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estate planning, Wills

Can I Write My Own Will or Should I Hire an Attorney?

On Behalf of Veitengruber Law | Jun 28,2016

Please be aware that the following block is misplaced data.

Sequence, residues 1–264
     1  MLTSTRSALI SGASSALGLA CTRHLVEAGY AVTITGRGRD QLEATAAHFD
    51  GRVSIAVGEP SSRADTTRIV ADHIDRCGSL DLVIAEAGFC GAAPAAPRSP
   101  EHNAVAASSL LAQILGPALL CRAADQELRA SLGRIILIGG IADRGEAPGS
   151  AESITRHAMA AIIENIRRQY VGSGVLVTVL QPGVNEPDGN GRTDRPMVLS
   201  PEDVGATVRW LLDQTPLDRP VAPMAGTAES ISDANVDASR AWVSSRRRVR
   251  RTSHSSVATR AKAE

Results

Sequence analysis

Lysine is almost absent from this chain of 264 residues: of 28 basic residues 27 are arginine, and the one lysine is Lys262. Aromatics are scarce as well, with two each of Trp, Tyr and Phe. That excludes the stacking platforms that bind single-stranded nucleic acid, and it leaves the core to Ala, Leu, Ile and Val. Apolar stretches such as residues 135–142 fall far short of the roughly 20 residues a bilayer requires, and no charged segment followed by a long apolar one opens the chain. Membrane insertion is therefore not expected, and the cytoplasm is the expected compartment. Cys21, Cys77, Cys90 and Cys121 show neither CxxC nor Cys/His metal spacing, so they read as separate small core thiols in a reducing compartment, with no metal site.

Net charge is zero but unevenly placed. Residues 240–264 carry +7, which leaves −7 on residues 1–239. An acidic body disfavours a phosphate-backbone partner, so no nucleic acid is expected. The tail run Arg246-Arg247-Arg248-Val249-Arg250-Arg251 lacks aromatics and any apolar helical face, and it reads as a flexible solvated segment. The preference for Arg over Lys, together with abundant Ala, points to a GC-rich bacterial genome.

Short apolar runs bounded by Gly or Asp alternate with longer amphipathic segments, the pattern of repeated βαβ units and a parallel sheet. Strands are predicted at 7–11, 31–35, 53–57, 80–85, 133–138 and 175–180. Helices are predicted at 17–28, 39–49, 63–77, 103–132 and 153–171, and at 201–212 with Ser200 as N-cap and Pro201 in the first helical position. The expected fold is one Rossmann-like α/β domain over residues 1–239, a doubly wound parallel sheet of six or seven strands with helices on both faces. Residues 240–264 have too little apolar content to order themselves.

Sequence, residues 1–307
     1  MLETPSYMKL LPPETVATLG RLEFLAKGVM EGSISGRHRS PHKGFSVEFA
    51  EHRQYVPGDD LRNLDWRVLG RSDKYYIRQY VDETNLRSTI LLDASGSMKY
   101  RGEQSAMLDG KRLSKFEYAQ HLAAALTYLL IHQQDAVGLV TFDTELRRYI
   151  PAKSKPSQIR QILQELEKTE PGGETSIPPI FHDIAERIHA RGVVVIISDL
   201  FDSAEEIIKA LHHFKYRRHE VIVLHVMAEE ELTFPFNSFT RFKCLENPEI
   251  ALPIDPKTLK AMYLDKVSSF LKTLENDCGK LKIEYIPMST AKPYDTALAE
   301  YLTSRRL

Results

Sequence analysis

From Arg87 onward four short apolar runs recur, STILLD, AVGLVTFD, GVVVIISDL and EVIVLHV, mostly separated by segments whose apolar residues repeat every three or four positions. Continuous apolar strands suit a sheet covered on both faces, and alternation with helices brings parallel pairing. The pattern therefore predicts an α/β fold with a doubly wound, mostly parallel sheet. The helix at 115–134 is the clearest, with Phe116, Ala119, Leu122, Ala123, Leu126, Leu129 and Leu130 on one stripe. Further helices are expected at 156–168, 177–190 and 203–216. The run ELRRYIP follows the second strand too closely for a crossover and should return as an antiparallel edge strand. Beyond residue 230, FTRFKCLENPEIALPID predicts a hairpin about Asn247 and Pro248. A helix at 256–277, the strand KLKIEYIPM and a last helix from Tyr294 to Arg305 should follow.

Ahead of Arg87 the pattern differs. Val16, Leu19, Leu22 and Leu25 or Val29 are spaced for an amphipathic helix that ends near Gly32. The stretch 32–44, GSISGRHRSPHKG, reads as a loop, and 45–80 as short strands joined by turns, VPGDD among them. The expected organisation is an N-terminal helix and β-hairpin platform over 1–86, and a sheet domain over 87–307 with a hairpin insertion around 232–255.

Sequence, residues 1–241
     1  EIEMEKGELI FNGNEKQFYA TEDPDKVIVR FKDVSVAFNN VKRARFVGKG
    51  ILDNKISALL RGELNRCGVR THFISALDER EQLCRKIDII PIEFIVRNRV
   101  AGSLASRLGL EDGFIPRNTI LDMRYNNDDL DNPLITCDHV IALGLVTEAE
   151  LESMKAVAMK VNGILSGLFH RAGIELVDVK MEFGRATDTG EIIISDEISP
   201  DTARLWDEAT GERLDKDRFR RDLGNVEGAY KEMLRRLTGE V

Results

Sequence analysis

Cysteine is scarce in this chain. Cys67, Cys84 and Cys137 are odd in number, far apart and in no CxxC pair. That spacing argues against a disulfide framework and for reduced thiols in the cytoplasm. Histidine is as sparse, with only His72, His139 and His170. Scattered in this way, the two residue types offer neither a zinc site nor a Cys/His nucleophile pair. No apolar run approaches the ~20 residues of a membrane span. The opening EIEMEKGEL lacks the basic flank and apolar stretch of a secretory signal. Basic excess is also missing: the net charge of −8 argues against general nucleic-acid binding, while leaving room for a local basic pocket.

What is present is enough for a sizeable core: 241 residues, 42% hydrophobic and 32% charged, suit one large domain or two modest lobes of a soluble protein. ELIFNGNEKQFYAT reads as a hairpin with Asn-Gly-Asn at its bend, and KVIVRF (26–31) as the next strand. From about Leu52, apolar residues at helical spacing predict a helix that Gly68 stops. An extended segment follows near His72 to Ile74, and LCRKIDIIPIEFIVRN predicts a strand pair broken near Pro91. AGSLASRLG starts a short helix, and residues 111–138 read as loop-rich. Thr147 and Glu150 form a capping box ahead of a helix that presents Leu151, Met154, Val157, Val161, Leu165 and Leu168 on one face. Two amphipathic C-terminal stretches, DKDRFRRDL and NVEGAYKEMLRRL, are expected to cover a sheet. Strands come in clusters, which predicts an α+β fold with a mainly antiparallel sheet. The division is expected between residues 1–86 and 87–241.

Just the thought of preparing your last will and testament (also known simply as your "will" or your "estate plan") is enough to put some people on edge. That reaction is completely understandable given the nature of the information contained in said documents. Being uncomfortable, however, is not reason enough to avoid doing something so important. A question on this topic that many people ask themselves is, "Can I write my own will or do I need an attorney's help?" The best answer to this question is that it depends on your specific situation. Legally binding wills can be drafted without an attorney's help by using estate planning software to walk you through the process. You may be able to go the DIY route, but only if you need a basic, simple will, you don't have a lot of assets and you have a small, uncomplicated family. Anything beyond the most basic wills are best handled by a qualified estate planning professional. Too many people have made seemingly small blunders on their estate planning paperwork, costing surviving family members a significant amount of money, stress and angst. If you have young children (and/or a complicated family), own your own business (especially if you are a co-owner), have a significant amount of investments, assets, debts or if you think there's a strong possibility that someone may contest your will, you'll be better off working with an attorney to come up with the will that works for you and all of your unique life circumstances. With your estate planning attorney, you'll work in tandem to create not only a will but a number of other important documents like a living will and a health care directive. Having an experienced professional to guide you will ensure that you avoid making mistakes that would likely end up causing a gigantic amount of trouble for your loved ones after you've passed away. It can be easy to put off setting up your estate planning paperwork because, after all, it doesn't affect you directly. You must take into consideration the aftermath you'll leave behind if you die without a will in New Jersey. Your family members will not have the proper time to adequately grieve your passing if they have to spend all of their time figuring out what to do with your assets. Don't leave a bunch of questions for your family and friends to puzzle over. If you haven't done so yet, make a promise to yourself to write down your last wishes as soon as possible. Take that list with you to your NJ attorney meeting. After your estate plan has been completed, you'll feel a weight lifted off your shoulders - even if you never realized the weight was there.

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